Supportive Housing in New York City

Photos courtesy of Project Renewal and Housing and Services, Inc.

New York City residents looking for supportive housing should consult the following resources or programs. If you don't qualify for supportive housing, you can consult this list of affordable units within supportive housing residences.

The NY/NY III Agreement

The 2005 New York/New York III Agreement continues to create supportive housing for individuals who are homeless and fit nine population types.

To apply for NY/NY III supportive housing, a referral agency must complete an HRA 2010e form.

If you are Seriously Mentally Ill: SPOA housing

The HRA 2010e application form can also be completed for Single Point of Access (SPOA) housing, a range of housing/program opportunities for individuals living with mental illness. Consult this CUCS guide for how to access housing through the New York State Office of Mental Health’s SPOA Program.

To learn whether you’re eligible for supportive housing, speak with your shelter case manager. You can also call CUCS at 212-801-3343 to access mental health case management and/or Assertive Community Treatment (ACT) services.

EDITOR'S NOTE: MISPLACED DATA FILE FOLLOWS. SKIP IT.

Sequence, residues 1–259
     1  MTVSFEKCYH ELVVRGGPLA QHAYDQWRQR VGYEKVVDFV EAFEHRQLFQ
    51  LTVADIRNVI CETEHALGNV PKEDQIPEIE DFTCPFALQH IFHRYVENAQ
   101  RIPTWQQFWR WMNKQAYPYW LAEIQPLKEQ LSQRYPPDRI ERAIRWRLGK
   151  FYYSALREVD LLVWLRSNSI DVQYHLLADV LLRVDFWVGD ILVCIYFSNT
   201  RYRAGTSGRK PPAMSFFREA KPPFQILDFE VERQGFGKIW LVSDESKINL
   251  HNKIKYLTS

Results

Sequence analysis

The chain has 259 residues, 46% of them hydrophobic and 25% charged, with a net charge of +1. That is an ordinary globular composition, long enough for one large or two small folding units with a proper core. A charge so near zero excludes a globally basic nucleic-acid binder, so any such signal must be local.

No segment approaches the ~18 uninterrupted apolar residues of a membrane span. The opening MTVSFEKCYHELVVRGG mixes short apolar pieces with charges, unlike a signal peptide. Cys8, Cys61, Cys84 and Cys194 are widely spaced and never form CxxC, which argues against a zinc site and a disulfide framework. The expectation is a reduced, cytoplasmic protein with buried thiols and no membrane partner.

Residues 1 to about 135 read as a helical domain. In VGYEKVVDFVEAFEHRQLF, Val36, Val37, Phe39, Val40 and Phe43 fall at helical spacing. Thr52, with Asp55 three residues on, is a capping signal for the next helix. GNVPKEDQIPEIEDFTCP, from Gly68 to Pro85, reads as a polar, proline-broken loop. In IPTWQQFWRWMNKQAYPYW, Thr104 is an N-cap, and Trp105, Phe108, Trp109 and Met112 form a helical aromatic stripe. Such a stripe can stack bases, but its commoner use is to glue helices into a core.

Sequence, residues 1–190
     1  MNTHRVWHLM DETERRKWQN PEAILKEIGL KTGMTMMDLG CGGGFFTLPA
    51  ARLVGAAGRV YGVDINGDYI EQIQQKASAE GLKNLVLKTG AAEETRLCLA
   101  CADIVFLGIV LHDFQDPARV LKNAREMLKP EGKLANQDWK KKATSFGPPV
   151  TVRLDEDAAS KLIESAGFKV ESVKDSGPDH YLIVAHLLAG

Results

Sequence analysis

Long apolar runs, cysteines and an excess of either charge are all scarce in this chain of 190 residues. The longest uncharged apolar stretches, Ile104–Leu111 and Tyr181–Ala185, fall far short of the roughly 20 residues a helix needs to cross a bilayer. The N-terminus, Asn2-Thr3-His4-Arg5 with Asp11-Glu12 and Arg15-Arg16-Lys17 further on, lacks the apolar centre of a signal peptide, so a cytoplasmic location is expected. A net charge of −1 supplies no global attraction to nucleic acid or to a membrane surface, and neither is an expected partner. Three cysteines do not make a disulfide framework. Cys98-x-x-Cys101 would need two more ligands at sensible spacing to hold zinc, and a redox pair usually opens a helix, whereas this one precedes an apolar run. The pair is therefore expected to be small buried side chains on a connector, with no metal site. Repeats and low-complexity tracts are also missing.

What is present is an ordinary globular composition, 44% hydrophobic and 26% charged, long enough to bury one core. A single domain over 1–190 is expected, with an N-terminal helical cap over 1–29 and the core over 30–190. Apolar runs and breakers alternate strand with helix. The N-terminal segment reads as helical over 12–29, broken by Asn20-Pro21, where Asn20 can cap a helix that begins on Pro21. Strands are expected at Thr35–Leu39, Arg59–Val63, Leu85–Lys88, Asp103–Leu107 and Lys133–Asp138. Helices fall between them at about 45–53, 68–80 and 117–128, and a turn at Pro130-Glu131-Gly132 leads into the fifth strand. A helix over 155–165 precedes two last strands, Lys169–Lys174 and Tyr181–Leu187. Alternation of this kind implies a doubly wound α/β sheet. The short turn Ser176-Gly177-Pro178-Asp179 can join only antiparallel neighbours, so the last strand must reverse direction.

Note: SPOA is not open to individuals who reside in shelters. These individuals should consult a case manager at the shelter.

If you’re homeless: NY/NY I and II

New York City also has NY/NY I and II supportive housing units for individuals living with serious mental illness who are homeless. How to Access NY/NY I, II & III housing here.

If you have HIV/AIDS

If you’re homeless or at serious risk of homelessness and you have HIV/AIDS, contact the New York City Human Resource Administration’s (HRA) HIV / AIDS Services Administration (HASA) Services. If your case is approved, HASA will appoint you a case manager, who will then assist with the housing placement process. To contact HASA’s Service Line, call 1-212-971-0626.

If you're a frequent Medicaid user

More than a dozen NYC nonprofits currently have contracts to provide supportive housing for homeless or unstably housed individuals who are high-cost Medicaid users. The criteria to live in these apartments varies based on the government agency funding them. This handout offers an overview of Medicaid Redesign Team (MRT) housing and contact information for all nonprofits that operate these apartments. You can use the email addresses and phone numbers here to learn about vacancies.

If you're a veteran

Veterans can access supportive housing through the HUD-Veterans Affairs Supportive Housing (VASH) program. To apply for a VASH voucher, you must contact one of three VA health centers in New York City. Centers are located in Manhattan, Queens and the Bronx.

And here is the most updated Housing Vacancy List for 2017.

Know of a resource we missed? Let us know!